CTEK MXS25

Submitted: Wednesday, Apr 16, 2014 at 22:02
ThreadID: 107322 Views:2732 Replies:4 FollowUps:14
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Preparing ZR Odessey Australian Offroad Camper trailer for a round Oz trip and putting in new dual 130ah batteries. The camper presently has a little 3.6ah Ctek charger which is really a maintenance charger, but hardwired into the fuse block with a connector to charge battery/ies when on plug in (van park/genset) power but can disconnect and be used as a stand alone charger too. I want to replace it with a 25ah Ctek to provide more charge and rewire it with new 6mm wire and anderson plugs as connectors and am wondering if I need to consider anything else in terms of there being now a larger unit / charge rate going through the wiring. The main fuse is 25ah so what fuse should I put on this circuit?
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Reply By: Sand Man (SA) - Thursday, Apr 17, 2014 at 07:41

Thursday, Apr 17, 2014 at 07:41
Your best bet is to give Australian Offroad Campers a ring and they can tell you straight out if the cabling is heavy enough.

Does the Odessey have a dc-dc charger on-board?
Another way of charging the batteries is to connect a smart charger to the cable normally connected to the vehicle. If there is a dc-dc charger in circuit, you can place the bigger Ctek charger in supply mode and let the dc-dc charger control the charging.
If there is no dc-dc charger on-board, simply connect the charger to the vehicle cable in it's normal mode and the charger will manage the multi-stage charging process.


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Reply By: WMS - Thursday, Apr 17, 2014 at 08:27

Thursday, Apr 17, 2014 at 08:27
Thanks Bill, appreciate this

No there is no DC/DC charger on board....

I assume when you say where there is not a DC/DC charger, just connect the Ctek MXS25 "to the vehicle in normal mode.... " you mean the Camper Trailer - is that correct?
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Follow Up By: Sand Man (SA) - Thursday, Apr 17, 2014 at 18:38

Thursday, Apr 17, 2014 at 18:38
Yes, sorry. To the Camper Trailer.

My Ctek charger was used in this manner, just by connecting to the cable that usually connects to the vehicle to allow charging whilst on the move.
This was an effective multi-mode maintenance charging regime I used.

Using this method, the bigger charger you purchase is not restricted to on-board camper trailer use and can also be used to provide a smart charging routine for your vehicle batteries from time to time.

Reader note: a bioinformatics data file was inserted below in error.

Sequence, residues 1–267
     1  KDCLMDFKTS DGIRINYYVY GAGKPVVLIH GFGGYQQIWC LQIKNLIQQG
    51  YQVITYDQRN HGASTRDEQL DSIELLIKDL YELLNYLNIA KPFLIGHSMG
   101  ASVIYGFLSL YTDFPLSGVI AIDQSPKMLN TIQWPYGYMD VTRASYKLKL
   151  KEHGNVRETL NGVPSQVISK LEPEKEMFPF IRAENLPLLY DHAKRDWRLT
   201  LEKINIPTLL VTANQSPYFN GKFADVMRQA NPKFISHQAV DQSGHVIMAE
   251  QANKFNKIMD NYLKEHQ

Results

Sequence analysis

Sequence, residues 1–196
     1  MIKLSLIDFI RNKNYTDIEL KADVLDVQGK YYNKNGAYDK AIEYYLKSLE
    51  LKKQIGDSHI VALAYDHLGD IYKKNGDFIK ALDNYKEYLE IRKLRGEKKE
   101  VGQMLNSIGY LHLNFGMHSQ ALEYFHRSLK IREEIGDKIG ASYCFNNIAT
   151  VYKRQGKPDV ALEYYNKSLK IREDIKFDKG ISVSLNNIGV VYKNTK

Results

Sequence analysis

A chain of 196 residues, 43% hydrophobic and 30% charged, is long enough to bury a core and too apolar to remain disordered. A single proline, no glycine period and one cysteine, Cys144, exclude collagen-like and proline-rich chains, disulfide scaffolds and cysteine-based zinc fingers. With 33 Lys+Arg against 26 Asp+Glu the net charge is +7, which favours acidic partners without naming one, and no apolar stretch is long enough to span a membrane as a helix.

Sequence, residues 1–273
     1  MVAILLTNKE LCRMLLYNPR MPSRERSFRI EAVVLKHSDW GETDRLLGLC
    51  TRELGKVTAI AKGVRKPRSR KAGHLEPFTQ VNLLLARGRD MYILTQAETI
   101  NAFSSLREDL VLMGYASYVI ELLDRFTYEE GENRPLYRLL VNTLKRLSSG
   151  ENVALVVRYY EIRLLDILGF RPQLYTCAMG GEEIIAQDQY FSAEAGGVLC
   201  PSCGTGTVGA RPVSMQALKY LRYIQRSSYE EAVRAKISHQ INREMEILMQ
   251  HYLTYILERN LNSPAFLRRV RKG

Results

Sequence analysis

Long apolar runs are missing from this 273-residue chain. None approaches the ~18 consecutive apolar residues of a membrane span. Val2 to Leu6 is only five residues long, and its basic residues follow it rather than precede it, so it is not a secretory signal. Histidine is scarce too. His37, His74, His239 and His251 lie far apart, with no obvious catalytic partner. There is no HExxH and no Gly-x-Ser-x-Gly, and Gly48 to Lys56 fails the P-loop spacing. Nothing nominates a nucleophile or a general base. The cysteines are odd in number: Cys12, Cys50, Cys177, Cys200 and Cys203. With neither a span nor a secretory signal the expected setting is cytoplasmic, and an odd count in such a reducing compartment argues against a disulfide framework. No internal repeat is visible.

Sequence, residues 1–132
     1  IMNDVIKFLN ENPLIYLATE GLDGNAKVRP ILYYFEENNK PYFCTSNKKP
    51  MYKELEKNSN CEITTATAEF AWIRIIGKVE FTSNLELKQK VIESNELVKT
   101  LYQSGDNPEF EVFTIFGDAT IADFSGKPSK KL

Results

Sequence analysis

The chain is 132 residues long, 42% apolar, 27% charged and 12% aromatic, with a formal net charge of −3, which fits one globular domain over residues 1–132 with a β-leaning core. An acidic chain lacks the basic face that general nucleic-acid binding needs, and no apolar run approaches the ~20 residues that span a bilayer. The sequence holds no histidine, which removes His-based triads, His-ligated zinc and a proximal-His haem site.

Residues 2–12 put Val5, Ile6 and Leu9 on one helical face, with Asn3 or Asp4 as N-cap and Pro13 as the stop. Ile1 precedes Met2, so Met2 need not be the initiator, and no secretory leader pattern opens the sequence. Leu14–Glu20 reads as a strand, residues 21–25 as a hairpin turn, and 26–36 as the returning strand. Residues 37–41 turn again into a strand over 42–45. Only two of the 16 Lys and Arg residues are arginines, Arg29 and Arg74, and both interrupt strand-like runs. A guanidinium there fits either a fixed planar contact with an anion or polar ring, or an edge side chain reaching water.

My camper also has an on-board 240 volt charger but I was not overly confident in it until I had time to test it. I now tend to use this charger when in the garage at home.

I added a Ctek D250s Dual dc-dc charger to provide a better multi-stage charging system while on the move and also provide the connection of a solar panel when stationary.

I now find I have a sound charging system when travelling and while at rest and rarely need to use the on-board AC charger at all. (I also don't tend to stay at caravan parks with 240v power)
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Reply By: HKB Electronics - Thursday, Apr 17, 2014 at 09:24

Thursday, Apr 17, 2014 at 09:24
Is there an existing charge connection to the tow vehicle ie off the vehicle alternator?


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Reply By: WMS - Thursday, Apr 17, 2014 at 09:59

Thursday, Apr 17, 2014 at 09:59
Yes there is via an Anderson plug...
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Follow Up By: HKB Electronics - Thursday, Apr 17, 2014 at 10:52

Thursday, Apr 17, 2014 at 10:52
What size is the existing cable?

Are you having trouble charging the batteries with the existing setup?

What is the tow vehicle, and the current in car arrangement?

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Follow Up By: WMS - Thursday, Apr 17, 2014 at 11:04

Thursday, Apr 17, 2014 at 11:04
I had a single battery 120ah which worked ok and all charged ok i guess on van park power. Battery lasted a few days with out recharge in a bush camp running 2 fridges Waeco 80 & 50ltr but with more bush stops and longer planned this trip am adding another 120ah (getting 2 new Thumper Redbacks the same) and thouhgt I would want to recharge more efficiently and quicker with a larger charger and have it double as a portable charger also for other car batteries etc.